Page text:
They therefore need to be given a supportive physical and social environment and be made aware of the nature and dangers of alcohol abuse.


By the end of the activity, students should be able to:

1. Explain the reasons for taking alcohol and its dangers.

2. Differentiate between alcohol use and abuse.

3. Counteract the rumours, myths and misconceptions advanced by peers about taking alcohol.

4. Demonstrate responsible behaviour with regard to alcohol.

Time: 40 minutes


Newspaper cuttings on alcohol related accidents, advertisements for beer, Penal Code concerning alcohol.


1. Divide the class into groups and ask them to read the dialogue aloud in pairs. Choose two students to read in front of the class.

2. In groups discuss:

(i) What are some of the reasons John and his friends give for drinking? What do you think of them?

(ii) What other reasons do other people (who you know) have for drinking?

(iii) What strategies did Sam use to avoid drinking? Which do you think were the most effective?

(iv) What do you think happened next?

3. Groups prepare a role play of a few minutes to present to the rest of the class on how the evening between John and Jane, as well as Sam and Gertrude ended.

4. After the role plays, the class discusses the following questions.


John is an S.4 student in Kamkam S.S. who drinks a lot. He has invited Jane, an S.2 in Kamwenge S.S. to go out with him on the weekend. He takes his father’s car to go and meet her. They expect Gertrude and her boyfriend Sam, their great friends, to join them.

At Ange Noir, Gertrude joins Jane and John in persuading Sam into trying a little Pilsner or “Chairman’s”, or even a little “Uganda Wa’.” He won’t die after all! Who doesn’t want to be great, anyway? Life is worth all the fun. And that is the greatest moment Gertrude has been looking forward to. She couldn’t continue moving with a “falla*” of a boyfriend who is a step behind.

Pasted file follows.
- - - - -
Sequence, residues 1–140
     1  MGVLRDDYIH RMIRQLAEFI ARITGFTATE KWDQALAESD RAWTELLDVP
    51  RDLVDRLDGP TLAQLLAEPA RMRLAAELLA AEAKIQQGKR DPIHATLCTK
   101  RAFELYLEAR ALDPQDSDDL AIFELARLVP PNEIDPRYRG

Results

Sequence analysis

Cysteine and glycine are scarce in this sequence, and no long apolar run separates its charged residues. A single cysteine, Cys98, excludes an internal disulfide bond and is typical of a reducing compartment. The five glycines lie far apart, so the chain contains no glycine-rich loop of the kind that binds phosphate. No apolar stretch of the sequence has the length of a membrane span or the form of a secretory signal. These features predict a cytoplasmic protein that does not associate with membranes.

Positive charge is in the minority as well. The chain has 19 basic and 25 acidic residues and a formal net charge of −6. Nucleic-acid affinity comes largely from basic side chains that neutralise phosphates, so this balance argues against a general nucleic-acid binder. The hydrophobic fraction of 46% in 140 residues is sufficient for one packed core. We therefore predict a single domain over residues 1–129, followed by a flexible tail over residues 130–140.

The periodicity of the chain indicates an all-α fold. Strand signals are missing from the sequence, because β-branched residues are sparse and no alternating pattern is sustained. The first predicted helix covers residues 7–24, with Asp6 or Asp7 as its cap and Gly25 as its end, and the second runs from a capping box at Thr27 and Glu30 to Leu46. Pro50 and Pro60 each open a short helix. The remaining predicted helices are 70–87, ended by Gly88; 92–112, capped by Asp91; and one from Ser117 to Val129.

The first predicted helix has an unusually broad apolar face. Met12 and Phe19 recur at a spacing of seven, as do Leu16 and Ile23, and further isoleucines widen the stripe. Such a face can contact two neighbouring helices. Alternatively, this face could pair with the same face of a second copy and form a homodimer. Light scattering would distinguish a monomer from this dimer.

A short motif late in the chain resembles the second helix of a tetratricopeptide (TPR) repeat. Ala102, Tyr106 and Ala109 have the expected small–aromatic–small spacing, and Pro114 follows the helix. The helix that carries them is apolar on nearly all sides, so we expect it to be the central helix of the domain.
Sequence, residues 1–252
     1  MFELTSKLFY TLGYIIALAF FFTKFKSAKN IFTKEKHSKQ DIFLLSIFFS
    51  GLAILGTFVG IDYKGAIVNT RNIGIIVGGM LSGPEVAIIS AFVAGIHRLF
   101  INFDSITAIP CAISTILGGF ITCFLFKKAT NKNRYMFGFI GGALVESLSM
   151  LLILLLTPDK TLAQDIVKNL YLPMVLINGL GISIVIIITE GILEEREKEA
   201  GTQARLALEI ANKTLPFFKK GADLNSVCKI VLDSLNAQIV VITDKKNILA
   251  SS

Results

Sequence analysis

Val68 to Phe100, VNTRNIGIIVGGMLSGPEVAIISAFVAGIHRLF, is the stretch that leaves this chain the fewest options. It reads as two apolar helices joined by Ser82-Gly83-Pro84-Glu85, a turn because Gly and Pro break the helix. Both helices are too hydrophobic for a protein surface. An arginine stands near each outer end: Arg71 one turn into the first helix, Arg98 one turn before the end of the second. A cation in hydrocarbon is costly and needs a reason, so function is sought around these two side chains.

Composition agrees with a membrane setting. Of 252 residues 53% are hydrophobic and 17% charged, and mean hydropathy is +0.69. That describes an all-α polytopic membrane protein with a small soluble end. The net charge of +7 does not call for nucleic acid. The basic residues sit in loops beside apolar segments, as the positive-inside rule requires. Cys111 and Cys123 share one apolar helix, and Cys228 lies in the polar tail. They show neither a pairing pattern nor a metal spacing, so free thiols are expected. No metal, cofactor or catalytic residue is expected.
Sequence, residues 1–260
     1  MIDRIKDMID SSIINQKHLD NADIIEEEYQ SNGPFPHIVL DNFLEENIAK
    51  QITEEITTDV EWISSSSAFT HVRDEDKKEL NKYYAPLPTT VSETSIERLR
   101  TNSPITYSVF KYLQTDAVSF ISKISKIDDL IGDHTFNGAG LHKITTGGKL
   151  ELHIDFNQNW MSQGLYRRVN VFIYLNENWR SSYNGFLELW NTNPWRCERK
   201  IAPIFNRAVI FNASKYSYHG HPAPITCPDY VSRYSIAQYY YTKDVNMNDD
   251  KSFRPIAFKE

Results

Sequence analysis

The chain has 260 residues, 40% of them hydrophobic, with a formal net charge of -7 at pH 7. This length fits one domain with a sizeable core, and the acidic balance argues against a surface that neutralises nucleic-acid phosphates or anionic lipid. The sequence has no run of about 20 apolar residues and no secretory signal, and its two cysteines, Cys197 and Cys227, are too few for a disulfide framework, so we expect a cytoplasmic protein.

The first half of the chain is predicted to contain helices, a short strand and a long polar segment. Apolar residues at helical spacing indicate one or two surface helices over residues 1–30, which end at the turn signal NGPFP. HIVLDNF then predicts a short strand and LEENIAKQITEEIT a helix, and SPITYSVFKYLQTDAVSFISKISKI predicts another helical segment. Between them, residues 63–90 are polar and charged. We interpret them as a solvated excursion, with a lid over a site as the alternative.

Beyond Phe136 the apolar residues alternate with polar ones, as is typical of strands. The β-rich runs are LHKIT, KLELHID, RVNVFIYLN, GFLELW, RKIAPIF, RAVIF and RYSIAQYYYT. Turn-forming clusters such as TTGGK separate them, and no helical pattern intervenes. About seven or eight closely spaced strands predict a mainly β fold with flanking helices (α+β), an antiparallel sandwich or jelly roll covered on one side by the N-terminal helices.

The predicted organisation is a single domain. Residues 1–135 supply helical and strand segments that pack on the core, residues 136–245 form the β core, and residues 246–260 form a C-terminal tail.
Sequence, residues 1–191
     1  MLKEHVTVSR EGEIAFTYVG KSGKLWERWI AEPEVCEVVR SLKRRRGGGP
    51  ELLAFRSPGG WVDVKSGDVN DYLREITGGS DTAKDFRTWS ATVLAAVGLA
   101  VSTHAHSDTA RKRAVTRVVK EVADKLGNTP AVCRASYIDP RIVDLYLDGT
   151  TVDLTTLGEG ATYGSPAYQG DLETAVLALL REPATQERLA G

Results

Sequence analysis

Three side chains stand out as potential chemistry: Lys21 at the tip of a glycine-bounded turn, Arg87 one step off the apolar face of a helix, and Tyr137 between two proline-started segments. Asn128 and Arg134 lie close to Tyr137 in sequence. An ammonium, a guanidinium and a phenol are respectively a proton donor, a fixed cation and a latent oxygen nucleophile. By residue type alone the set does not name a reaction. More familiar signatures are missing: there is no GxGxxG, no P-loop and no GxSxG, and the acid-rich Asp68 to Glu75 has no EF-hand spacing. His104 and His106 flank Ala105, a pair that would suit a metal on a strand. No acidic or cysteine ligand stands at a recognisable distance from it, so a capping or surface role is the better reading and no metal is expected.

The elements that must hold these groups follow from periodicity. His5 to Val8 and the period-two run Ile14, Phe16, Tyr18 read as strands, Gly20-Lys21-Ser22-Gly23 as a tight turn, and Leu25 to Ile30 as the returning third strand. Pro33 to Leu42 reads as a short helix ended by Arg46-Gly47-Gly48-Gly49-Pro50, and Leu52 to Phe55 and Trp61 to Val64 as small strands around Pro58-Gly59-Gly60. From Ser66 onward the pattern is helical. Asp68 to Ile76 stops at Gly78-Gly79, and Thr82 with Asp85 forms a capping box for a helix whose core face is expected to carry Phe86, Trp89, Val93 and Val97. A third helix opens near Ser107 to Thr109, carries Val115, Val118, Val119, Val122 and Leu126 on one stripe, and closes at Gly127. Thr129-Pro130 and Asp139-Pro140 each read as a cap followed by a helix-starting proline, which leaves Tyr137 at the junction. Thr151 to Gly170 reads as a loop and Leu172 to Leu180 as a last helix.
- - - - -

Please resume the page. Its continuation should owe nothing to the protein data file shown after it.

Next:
Sam is perplexed. He wasn’t prepared for this.


falla* - slang for an unfashionable/non-sophisticated person


(i) Which role play did you think was the more realistic? Why?

(ii) What dangers, risks, or behaviour problems do you think alcohol drinkers have? (Use statistics to illustrate the problems among youth in families and society).

(iii) Have you ever been persuaded to drink? How did you feel?

(iv) What are the best ways to resist pressure?

(v) How would you get home from a social event if your driver had been drinking alcohol? What would you say? What would you do?

Learning points

· Alcohol, even in small quantities, affects the brain.
· It is a myth that people can drive better etc. after taking alcohol. Alcohol slows down the reflexes.


· Refer to newspaper cuttings on deaths caused by incidences related to alcohol. And advertisement language for Alcohol.

· Photocopy Penal Code on Alcohol.

· Make sure you praise each group for their presentation before you you ask for comparisons.

· If there is not enough time, the last questions could be answered as an extension activity.

· Encourage class members to relate their real experiences.

Extension Activities

1. Look at advertisements on alcohol and discuss what the advertisements are trying to say. Why do they seem to be convicing?

2. Design your own advertisement or campaign poster against the drinking of alcohol by students.

3. Debate: “Alcohol should be banned”.

Two local examples of advertisements on alcohol.